Statistical tests and identifiability conditions for pooling and analyzing multisite datasets

Zhou HH, Singh V, Johnson SC, Wahba G, Alzheimer's Disease Neuroimaging Initiative

Proc Natl Acad Sci U S A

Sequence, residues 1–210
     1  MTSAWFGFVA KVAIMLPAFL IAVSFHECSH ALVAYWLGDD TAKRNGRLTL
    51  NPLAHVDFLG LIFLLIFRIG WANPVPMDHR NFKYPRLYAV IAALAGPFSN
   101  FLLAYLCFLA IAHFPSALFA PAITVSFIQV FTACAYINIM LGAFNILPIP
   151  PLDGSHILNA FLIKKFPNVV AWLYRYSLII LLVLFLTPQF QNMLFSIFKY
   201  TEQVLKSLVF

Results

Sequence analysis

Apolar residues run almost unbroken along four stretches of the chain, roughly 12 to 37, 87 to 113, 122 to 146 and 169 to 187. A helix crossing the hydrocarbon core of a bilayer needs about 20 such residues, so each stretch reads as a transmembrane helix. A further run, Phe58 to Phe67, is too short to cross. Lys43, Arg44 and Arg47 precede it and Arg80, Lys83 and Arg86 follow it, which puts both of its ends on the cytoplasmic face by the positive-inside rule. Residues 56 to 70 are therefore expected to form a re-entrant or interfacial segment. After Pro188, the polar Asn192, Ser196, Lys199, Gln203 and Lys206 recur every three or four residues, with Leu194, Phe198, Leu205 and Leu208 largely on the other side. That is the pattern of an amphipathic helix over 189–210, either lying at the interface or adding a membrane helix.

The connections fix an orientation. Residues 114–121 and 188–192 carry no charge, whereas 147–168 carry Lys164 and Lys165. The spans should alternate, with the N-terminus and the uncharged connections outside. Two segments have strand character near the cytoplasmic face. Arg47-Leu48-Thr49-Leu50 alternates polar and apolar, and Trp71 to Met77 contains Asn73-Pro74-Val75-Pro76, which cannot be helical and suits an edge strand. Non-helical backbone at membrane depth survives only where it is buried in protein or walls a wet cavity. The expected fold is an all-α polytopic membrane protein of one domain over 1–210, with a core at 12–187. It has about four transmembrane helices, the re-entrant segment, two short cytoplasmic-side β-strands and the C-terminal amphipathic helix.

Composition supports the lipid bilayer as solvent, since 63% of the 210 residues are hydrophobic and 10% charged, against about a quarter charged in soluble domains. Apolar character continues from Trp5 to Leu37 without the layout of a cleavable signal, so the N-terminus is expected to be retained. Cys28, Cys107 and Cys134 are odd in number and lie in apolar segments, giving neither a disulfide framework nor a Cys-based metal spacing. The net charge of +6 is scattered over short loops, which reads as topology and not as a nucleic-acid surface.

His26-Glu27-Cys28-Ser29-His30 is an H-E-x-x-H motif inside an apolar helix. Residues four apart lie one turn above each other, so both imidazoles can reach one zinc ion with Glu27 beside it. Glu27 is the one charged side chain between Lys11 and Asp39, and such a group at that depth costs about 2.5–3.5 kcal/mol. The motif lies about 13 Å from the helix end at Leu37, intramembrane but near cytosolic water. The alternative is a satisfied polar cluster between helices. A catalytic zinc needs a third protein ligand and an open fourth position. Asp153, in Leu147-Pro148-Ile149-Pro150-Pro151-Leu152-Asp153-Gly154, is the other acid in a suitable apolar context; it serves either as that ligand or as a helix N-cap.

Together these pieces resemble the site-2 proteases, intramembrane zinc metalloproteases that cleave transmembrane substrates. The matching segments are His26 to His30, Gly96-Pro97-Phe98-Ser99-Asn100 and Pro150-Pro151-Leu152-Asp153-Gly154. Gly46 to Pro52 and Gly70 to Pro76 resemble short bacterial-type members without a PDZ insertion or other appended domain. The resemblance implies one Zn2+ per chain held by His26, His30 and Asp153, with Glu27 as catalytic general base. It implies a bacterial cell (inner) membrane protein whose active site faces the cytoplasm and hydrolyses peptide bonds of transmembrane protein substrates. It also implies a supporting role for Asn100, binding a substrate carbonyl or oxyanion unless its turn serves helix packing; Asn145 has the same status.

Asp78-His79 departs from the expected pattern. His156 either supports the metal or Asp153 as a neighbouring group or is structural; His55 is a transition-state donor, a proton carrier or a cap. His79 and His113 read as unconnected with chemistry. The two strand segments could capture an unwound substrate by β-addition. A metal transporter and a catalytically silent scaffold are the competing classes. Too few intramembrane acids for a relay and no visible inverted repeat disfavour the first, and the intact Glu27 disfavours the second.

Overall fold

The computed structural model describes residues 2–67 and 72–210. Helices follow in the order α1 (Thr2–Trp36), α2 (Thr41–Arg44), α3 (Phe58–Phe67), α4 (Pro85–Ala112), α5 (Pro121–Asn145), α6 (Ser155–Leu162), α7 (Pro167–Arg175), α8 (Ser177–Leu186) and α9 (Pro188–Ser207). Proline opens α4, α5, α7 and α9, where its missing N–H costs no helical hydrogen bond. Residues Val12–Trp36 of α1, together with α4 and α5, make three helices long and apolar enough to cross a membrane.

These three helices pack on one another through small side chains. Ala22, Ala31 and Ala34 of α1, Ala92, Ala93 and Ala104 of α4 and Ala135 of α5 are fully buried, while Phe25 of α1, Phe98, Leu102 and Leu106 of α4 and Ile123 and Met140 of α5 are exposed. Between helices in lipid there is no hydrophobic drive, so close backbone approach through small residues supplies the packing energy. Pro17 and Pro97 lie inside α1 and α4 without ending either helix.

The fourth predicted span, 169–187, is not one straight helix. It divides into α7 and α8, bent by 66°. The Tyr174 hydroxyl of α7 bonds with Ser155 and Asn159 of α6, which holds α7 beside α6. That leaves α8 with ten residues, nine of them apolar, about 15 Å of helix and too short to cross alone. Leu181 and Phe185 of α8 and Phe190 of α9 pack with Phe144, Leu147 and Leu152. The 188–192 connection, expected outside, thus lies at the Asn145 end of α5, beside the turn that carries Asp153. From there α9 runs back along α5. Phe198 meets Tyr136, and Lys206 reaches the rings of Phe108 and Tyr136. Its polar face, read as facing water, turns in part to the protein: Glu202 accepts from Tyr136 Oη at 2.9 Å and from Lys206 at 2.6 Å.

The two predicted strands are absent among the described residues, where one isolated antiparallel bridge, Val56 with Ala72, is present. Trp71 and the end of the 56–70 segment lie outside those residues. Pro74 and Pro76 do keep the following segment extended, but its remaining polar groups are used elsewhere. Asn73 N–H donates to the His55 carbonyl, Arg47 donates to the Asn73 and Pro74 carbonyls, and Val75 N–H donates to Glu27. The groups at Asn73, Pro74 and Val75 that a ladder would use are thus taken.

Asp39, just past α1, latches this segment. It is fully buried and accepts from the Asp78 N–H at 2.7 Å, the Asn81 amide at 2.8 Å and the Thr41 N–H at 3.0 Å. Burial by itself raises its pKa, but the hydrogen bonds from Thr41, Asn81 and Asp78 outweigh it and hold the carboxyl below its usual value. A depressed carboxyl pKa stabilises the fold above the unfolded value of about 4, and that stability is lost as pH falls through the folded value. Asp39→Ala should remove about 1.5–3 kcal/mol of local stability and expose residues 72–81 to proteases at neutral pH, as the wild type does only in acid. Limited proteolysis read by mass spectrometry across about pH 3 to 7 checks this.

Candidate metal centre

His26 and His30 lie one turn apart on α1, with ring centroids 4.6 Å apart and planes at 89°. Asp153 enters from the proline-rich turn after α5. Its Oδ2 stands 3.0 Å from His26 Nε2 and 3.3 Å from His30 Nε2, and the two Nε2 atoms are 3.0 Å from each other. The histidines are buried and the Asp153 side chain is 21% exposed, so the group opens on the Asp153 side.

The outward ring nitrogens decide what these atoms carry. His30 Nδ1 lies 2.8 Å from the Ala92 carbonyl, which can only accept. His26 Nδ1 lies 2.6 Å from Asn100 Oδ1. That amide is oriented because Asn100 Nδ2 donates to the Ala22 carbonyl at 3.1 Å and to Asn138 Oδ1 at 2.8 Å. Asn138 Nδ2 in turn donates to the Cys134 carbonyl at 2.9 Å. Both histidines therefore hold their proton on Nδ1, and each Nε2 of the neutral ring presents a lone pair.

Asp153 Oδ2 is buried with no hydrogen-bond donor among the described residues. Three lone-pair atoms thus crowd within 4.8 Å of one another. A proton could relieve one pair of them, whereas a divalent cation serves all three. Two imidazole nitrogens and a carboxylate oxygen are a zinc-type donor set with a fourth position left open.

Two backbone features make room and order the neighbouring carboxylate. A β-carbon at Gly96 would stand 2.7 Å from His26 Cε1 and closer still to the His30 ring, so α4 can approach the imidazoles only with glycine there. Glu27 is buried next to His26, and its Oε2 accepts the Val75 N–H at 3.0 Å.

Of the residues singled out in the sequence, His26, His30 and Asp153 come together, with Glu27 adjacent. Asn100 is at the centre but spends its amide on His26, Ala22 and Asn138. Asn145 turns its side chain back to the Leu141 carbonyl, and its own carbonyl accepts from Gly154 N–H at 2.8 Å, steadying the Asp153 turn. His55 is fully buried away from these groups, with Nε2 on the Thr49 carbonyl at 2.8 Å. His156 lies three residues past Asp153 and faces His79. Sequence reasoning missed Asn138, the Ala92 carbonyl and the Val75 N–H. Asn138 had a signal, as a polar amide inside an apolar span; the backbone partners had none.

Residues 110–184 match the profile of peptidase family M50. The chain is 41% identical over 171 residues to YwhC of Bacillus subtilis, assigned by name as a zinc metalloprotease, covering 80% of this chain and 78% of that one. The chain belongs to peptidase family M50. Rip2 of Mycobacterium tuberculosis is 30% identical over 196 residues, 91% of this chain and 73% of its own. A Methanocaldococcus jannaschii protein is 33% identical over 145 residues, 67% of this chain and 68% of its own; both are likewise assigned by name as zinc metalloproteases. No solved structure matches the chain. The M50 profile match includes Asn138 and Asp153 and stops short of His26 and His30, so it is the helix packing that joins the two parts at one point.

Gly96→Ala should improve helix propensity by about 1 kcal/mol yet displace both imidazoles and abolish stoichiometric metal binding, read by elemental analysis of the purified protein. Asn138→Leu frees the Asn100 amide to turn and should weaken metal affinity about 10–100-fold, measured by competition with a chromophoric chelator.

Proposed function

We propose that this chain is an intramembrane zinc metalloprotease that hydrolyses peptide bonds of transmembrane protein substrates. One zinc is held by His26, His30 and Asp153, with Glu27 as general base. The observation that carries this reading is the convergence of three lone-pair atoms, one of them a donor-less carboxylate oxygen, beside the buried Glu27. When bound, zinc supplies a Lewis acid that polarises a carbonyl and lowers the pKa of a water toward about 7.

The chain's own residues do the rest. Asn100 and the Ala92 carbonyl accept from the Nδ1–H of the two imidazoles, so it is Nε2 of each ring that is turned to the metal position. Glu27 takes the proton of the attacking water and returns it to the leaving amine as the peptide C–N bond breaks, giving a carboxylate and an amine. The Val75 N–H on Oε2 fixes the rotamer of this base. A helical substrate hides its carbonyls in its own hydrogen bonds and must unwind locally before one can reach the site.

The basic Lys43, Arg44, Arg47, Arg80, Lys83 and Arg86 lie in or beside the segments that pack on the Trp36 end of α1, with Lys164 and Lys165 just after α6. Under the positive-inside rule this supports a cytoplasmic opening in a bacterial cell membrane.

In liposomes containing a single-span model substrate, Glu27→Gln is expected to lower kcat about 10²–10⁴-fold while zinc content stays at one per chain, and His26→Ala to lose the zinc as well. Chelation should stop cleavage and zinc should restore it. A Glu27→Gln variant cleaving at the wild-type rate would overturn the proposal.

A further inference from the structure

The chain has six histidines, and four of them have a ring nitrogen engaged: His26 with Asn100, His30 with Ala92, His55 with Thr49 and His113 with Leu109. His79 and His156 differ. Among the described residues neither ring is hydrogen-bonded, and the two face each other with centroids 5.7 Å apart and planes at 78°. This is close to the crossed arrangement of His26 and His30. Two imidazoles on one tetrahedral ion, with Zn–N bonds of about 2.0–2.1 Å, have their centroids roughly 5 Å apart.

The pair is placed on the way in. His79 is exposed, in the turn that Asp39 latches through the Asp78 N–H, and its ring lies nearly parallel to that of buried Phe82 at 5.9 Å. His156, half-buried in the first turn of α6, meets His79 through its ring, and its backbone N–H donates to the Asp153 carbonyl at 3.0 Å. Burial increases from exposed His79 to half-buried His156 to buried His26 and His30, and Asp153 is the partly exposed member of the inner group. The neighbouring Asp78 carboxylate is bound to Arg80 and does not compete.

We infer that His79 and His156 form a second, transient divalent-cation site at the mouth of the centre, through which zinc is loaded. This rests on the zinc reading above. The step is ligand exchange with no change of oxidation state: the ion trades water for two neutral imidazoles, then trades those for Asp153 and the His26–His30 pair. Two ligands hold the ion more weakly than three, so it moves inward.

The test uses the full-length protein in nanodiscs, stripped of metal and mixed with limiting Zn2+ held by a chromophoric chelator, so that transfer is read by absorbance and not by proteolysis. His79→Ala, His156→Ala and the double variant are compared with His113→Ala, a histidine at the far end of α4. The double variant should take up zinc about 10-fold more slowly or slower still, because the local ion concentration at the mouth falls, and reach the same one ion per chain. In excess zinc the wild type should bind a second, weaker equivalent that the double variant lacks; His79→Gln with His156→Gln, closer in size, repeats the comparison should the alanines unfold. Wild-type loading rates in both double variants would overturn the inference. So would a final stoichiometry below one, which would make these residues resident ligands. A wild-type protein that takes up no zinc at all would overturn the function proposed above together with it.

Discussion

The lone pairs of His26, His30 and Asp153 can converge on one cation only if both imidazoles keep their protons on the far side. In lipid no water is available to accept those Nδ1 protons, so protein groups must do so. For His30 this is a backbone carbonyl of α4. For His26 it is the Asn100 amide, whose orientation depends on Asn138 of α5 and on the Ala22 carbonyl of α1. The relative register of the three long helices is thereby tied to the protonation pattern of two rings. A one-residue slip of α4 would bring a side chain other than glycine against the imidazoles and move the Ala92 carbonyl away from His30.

When sample sizes are small, the ability to identify weak (but scientifically interesting) associations between a set of predictors and a response may be enhanced by pooling existing datasets. However, variations in acquisition methods and the distribution of participants or observations between datasets, especially due to the distributional shifts in some predictors, may obfuscate real effects when datasets are combined. We present a rigorous statistical treatment of this problem and identify conditions where we can correct the distributional shift. We also provide an algorithm for the situation where the correction is identifiable. We analyze various properties of the framework for testing model fit, constructing confidence intervals, and evaluating consistency characteristics. Our technical development is motivated by Alzheimer’s disease (AD) studies, and we present empirical results showing that our framework enables harmonizing of protein biomarkers, even when the assays across sites differ. Our contribution may, in part, mitigate a bottleneck that researchers face in clinical research when pooling smaller sized datasets and may offer benefits when the subjects of interest are difficult to recruit or when resources prohibit large single-site studies


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